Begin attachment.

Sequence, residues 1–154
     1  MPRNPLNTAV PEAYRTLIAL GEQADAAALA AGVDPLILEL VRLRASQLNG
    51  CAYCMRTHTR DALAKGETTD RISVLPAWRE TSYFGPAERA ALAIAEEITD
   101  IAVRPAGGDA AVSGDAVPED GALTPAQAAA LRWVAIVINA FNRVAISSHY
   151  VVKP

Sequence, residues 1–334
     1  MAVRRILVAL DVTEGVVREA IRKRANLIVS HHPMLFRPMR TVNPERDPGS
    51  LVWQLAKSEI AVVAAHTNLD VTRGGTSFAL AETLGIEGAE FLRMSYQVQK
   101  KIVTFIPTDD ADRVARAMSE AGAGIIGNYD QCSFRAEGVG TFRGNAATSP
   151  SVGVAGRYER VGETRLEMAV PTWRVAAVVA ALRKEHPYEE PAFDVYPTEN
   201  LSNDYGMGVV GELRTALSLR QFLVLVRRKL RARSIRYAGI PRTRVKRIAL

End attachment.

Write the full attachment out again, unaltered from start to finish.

Sequence, residues 1–154
     1  MPRNPLNTAV PEAYRTLIAL GEQADAAALA AGVDPLILEL VRLRASQLNG
    51  CAYCMRTHTR DALAKGETTD RISVLPAWRE TSYFGPAERA ALAIAEEITD
   101  IAVRPAGGDA AVSGDAVPED GALTPAQAAA LRWVAIVINA FNRVAISSHY
   151  VVKP

Sequence, residues 1–334
     1  MAVRRILVAL DVTEGVVREA IRKRANLIVS HHPMLFRPMR TVNPERDPGS
    51  LVWQLAKSEI AVVAAHTNLD VTRGGTSFAL AETLGIEGAE FLRMSYQVQK
   101  KIVTFIPTDD ADRVARAMSE AGAGIIGNYD QCSFRAEGVG TFRGNAATSP
   151  SVGVAGRYER VGETRLEMAV PTWRVAAVVA ALRKEHPYEE PAFDVYPTEN
   201  LSNDYGMGVV GELRTALSLR QFLVLVRRKL RARSIRYAGI PRTRVKRIAL